Please use this identifier to cite or link to this item: http://ahro.austin.org.au/austinjspui/handle/1/17343
Title: The influence of unmet supportive care needs on anxiety and depression during cancer treatment and beyond: a longitudinal study of survivors of haematological cancers.
Authors: Oberoi, Devesh;White, Victoria M;Seymour, John F;Miles Prince, H;Harrison, Simon;Jefford, Michael;Winship, Ingrid;Hill, David;Bolton, Damien M;Kay, Anne;Millar, Jeremy;Doo, Nicole Wong;Giles, Graham
Affiliation: Cancer Council Victoria, 615 St Kilda Road, Melbourne, VIC, 3004, Australia
The University of Melbourne, Parkville, VIC, 3010, Australia
Peter MacCallum Cancer Centre, Melbourne, VIC, 3000, Australia
Royal Melbourne Hospital, Parkville, VIC, 3052, Australia
Austin Health, Heidelberg, Victoria, Australia
North Eastern Melbourne Integrated Cancer Service, Heidelberg, VIC, 3084, Australia
Alfred Health, The Alfred, Melbourne, VIC, 3004, Australia
Concord Hospital, Concord, NSW, 2139, Australia
Issue Date: Nov-2017
EDate: 2017-06-30
Citation: Supportive Care in Cancer 2017; 25(11): 3447-3456
Abstract: This paper aims to examine the cross-sectional and longitudinal associations between patient-reported unmet needs and anxiety and depression for survivors of diffuse large B cell lymphoma (DLBCL) and multiple myeloma (MM). In a longitudinal study design, self-reported data were collected through telephone interviews at two time points approximately 7 (T1) and 15 (T2) months post-diagnosis. The sample was recruited through the population-based Victorian Cancer Registry. At T1 and T2, the study outcomes, anxiety and depression, were assessed using the Hospital Anxiety and Depression Scale (HADS) and unmet needs were measured using the Supportive Care Needs Survey (SCNS-SF34). Questions related to social/family problems, relationship problems and financial problems were also asked. A three-step multivariable hierarchical logistic regression analysis examined the relative role of T1 anxiety and depression, T1 and T2 unmet needs and other psychosocial factors with T2 anxiety and depression. Both cross-sectional and longitudinal associations were observed between unmet needs and psychological distress. T2 anxiety was associated with T1 anxiety (OR 4.75, 95% CI 1.86-11.09), T2 psychological needs (OR 1.68, 95% CI 1.34-2.11) and with T1 social problems (OR 2.33, 95% CI 1.03-5.05) in multivariate analysis. T2 depression was associated with both T1 (OR 1.28, 95% CI 1.06-1.57) and T2 psychological needs (OR 1.35, 95% CI 1.06-1.70), T2 physical needs (OR 1.89, 95% CI 1.27-2.81) and T1 depression (OR 4.52, 95% CI 1.88-10.86). Unmet needs that manifest following diagnosis and treatment may persist into early survivorship and contribute to psychological distress. Addressing these needs during treatment may diminish the risk of current and future anxiety and depression.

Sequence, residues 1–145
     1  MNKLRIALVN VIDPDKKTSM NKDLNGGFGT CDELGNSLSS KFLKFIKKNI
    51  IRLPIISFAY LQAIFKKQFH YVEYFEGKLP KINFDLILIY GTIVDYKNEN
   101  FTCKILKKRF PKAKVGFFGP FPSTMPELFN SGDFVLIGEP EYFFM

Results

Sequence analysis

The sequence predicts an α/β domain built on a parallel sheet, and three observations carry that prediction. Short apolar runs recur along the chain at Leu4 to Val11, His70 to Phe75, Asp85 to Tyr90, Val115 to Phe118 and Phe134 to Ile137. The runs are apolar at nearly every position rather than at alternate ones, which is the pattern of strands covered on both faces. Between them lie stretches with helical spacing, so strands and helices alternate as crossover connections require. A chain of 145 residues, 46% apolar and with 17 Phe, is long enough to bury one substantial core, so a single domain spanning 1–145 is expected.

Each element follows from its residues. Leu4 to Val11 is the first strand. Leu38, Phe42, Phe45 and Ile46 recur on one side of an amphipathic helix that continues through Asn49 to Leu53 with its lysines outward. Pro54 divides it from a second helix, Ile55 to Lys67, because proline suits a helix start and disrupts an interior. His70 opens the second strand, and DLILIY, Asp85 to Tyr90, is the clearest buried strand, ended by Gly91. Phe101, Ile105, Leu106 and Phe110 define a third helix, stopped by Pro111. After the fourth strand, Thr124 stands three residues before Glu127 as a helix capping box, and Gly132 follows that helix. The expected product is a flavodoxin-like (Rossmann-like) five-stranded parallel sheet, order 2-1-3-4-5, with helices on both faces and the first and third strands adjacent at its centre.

URI: http://ahro.austin.org.au/austinjspui/handle/1/17343
DOI: 10.1007/s00520-017-3766-9
ORCID: 0000-0002-5145-6783
PubMed URL: 28667564
Type: Journal Article
Subjects: Anxiety
Cancer survivorship
Depression
Haematological cancer
Hierarchical regression
Oncology
Psychosocial oncology
Unmet needs
Appears in Collections:Journal articles

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